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100v line amp for P.A.
100v line amp for P.A.
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Old 10th January 2021, 03:12 PM   #1
srcveiga is offline srcveiga
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Join Date: Jan 2021
Default 100v line amp for P.A.

Hello, I work for a school and in 1 of its pavilions the P.A. system is old and unused for more then 10 years.

In the other pavilions the PA system used is much more recent and used but not the same speakers and amps.(mostly where events take place and gyms, these are working and fresh and clean)

I don't know anything about sound but I was interested anyways in trying to figure out what happened and if it can work again.

I took a peak at the speakers. XMR 512PL.
I fished for the cable (black one) and it went into 3 other speakers (4 in total in parallels).
All connected to the brown tap (2.5w) of the speaker for a total of 10w.

To test them I tapped them to black tap of the speaker transformer and pugged it to a mobile phone via AUX set up.

They work but very low volume. Understandable. I reverted them back to the brown tap and checked the old stuff they had stored.

Like I said I know nothing about sound, and this 100v line is a first to me. but I looked for what could just be a myth to me in the storage sound room and I actually found this...thing...

Crest audio FCV440 power amp.

Now this thing is a beast and it obviously drives these 4 speakers at 2.5w but its school property and its not something I want to risk malfunction when someone comes asking for it.

Plus there are other speakers id like to have hooked up in the future for emergency situations where we would need to evacuate the building but I would need at least control over 4 different channels.

So now I'm looking for an amp with 50w to 120w with this mythical 100v line. but I'm not finding much on stuff like Aliexpress.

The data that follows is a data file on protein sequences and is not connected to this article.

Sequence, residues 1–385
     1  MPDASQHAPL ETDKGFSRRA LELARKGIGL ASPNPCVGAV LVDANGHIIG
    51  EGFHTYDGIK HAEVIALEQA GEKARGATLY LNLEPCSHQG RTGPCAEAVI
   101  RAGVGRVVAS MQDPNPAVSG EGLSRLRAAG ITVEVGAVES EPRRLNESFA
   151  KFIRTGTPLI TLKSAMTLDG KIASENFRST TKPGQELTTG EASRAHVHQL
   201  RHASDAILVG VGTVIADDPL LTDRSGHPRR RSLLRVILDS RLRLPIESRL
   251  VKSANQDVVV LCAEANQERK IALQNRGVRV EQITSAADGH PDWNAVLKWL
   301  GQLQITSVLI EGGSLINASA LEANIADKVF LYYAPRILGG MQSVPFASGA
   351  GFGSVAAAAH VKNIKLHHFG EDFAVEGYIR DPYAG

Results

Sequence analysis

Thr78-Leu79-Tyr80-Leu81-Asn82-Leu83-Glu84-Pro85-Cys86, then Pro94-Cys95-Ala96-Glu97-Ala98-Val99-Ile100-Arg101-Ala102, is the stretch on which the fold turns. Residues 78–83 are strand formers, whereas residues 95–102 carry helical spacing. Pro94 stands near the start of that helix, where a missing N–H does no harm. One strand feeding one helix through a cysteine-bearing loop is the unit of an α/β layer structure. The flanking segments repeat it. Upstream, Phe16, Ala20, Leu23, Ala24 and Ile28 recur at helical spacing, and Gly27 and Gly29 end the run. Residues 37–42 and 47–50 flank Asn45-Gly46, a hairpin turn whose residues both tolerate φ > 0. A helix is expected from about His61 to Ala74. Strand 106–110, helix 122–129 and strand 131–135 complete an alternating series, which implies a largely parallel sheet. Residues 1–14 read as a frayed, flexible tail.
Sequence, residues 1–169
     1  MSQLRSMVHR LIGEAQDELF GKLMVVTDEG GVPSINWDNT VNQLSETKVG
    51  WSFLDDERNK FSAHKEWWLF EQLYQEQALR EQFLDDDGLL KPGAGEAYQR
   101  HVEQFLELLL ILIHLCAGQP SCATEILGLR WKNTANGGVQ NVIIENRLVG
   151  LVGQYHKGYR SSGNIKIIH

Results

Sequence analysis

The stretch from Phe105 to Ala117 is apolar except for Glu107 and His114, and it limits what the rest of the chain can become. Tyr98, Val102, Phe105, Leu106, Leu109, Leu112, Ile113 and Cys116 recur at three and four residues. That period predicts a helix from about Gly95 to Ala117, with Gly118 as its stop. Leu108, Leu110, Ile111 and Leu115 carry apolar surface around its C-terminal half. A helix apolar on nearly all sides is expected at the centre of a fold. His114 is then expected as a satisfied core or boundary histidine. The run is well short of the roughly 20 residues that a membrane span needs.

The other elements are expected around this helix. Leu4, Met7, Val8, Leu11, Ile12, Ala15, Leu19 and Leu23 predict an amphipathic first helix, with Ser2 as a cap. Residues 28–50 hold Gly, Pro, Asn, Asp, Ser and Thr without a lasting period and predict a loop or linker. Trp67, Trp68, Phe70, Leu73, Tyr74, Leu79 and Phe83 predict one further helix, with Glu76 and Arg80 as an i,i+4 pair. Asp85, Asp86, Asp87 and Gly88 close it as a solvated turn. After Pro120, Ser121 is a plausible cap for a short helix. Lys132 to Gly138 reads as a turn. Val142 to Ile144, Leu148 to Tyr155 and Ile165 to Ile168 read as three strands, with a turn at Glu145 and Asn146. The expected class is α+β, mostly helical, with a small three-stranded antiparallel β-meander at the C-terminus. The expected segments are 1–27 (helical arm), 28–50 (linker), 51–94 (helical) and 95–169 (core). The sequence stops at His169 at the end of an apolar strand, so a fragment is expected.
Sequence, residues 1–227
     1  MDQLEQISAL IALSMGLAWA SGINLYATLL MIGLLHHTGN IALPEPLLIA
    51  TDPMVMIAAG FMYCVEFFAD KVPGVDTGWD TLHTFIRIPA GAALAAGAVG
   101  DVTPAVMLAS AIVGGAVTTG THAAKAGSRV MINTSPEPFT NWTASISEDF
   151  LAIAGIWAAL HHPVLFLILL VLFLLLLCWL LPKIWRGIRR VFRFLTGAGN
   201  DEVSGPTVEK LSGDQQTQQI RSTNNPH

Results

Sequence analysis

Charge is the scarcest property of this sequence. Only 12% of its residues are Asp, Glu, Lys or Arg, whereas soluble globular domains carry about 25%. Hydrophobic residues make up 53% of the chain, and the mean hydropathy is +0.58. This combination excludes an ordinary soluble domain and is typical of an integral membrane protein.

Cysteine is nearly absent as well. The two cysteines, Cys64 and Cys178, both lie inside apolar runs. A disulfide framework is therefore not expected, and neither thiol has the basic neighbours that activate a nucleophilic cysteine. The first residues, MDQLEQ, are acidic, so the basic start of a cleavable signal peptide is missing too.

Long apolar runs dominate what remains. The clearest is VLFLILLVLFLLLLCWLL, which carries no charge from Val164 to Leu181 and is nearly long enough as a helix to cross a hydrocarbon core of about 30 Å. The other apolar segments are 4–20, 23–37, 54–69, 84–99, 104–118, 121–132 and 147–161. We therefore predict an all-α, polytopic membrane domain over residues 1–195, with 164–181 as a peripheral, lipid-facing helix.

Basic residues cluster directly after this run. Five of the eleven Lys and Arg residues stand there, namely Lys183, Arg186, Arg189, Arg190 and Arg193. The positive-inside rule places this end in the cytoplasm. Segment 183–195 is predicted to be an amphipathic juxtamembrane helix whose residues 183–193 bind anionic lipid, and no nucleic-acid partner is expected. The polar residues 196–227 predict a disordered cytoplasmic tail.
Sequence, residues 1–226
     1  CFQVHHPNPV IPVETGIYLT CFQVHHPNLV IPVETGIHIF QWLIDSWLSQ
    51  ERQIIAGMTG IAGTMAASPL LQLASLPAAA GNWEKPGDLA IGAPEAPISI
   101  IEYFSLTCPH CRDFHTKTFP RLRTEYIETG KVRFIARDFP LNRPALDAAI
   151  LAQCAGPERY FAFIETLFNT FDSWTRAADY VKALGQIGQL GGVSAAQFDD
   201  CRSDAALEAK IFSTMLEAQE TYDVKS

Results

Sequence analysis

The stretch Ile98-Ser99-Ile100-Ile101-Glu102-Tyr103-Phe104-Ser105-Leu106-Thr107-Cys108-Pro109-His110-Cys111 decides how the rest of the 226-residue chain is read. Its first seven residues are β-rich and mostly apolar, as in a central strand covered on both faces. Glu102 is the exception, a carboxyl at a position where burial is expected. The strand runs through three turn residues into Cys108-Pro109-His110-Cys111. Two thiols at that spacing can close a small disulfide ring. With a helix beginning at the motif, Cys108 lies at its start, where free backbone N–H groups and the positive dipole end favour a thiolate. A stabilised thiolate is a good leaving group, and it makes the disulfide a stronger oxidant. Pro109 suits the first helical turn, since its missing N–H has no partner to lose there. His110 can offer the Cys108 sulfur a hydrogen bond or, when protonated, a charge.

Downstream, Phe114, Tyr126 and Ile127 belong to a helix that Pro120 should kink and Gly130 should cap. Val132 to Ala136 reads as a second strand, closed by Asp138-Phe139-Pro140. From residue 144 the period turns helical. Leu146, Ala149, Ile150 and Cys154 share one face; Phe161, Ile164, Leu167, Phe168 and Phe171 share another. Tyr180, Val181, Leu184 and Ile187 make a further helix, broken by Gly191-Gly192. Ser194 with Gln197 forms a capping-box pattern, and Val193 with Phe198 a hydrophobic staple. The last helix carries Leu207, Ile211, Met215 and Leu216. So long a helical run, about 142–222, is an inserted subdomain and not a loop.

The amps they sell run for at least 100euros plus shipping fees but I'm thinking I'm just being stupid on the search.
Even searching on this forum there isn't much about 100v line amps.

Am I confusing anything? are these normal stereo 4 to 8 ohm amps with some sort of converter? are they just called power amps? because i seem to find mostly 4 to 8 ohms power amps.

Could someone point me out somewhere I could find info on maybe a diy board ? or just a plain simple cheap 100v line amp ?
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Old 10th January 2021, 04:40 PM   #2
conanski is offline conanski  Canada
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Join Date: Mar 2013
These distributed sound systems use transformers on the speakers and the amp to spread the output power of the amp evenly among all the speakers. In this case for example the amp produces 220w/ch so in theory it could power 11 of those speakers to 20w or 15 to about 15w. This system is by far the most economical way to get sound to that quantity of speakers, the wiring necessary is very modest compared to the low impedance option where cable losses have to be factored in which makes covering long distances impractical.

So it seems like this gear still works, you made a mistake with the wiring change and should have moved the speaker connection to one of the other transformer taps, you got low sound when you moved it to the black tap because there isn't a direct connection to that back at the amplifier when it is wired for 100v operation.

Can you post a picture of the wiring connections on the back of the amplifier?
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Old 10th January 2021, 04:55 PM   #3
srcveiga is offline srcveiga
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Join Date: Jan 2021
yes, this is how i tested the sound with the 100v line amp.